Humoral antibodies and a certain degree of resistance to infection with vaccinia, probably not enduring, are produced in rabbits by the repeated injections of inactive formolized (0.3 per cent) elementary bodies of vaccinia and virus-free filtrates of dermal vaccine virus. Single injections of large amounts of elementary bodies are not as effective as similar amounts administered in small repeated doses. Drastic treatment (10 per cent formaldehyde or boiling for 2 hours) almost completely alters or destroys the antigenicity of elementary bodies.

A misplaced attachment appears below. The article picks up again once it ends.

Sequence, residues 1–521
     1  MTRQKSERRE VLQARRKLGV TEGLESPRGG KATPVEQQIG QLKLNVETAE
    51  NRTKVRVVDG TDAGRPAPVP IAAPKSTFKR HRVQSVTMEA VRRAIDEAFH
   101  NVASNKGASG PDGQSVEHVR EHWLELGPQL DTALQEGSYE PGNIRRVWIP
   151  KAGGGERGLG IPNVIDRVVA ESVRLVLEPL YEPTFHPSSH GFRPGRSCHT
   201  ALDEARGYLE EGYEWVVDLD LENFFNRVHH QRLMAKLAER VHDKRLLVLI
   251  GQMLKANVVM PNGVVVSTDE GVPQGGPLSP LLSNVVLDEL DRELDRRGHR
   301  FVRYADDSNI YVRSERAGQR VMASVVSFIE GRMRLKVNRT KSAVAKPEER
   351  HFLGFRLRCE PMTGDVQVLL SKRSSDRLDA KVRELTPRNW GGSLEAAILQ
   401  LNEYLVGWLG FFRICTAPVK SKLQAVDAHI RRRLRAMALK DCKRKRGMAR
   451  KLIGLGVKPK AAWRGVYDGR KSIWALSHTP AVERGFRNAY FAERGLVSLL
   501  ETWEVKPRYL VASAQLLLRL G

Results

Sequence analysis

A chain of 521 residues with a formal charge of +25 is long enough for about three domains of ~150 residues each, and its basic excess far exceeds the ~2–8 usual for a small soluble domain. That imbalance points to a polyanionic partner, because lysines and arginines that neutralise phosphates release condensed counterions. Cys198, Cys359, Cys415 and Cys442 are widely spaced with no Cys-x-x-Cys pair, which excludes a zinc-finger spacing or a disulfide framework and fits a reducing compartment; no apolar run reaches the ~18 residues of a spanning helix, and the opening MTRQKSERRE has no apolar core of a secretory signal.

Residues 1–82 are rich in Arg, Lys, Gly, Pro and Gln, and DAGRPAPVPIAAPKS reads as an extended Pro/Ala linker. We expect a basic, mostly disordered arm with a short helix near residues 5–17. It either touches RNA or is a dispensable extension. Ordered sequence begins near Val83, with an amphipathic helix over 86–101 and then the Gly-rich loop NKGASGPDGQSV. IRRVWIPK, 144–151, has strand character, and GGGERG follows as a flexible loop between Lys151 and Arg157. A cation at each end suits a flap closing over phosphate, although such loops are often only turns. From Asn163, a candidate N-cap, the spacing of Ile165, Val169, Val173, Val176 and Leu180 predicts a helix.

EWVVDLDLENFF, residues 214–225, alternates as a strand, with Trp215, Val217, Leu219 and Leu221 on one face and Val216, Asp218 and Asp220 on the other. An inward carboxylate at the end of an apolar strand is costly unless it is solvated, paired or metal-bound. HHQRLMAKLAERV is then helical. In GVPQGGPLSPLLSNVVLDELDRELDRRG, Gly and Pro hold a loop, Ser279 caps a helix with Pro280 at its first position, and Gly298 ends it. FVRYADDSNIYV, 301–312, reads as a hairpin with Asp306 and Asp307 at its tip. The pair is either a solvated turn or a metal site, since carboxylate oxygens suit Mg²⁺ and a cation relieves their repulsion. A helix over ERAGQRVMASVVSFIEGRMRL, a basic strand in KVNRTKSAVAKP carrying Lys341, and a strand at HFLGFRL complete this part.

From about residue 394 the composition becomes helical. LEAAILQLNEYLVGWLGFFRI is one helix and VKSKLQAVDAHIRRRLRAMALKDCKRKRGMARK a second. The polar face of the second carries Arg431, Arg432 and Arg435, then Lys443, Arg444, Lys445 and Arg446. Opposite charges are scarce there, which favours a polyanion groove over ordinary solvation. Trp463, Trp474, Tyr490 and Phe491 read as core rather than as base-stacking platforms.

It appears that the production of precipitins and agglutinins does not parallel that of neutralizing antibodies and that the mere presence of such antibodies in the serum of a rabbit as the result of injections of inactive elementary bodies does not necessarily indicate that the animal possesses a great degree of resistance to infection with a potent vaccine virus.
The fact that some neutralizing antibodies appeared in the sera of rabbits that had received injections of inactive elementary bodies can be interpreted as indicating that at least not all neutralizing antibodies for vaccine virus are the result of a reaction to an antigen produced by the host in consequence of a vaccinal infection.
No evidence was obtained to show that elementary bodies inactivated by our methods (0.3 per cent formaldehyde) would serve as a suitable vaccine for the protection of human beings against smallpox.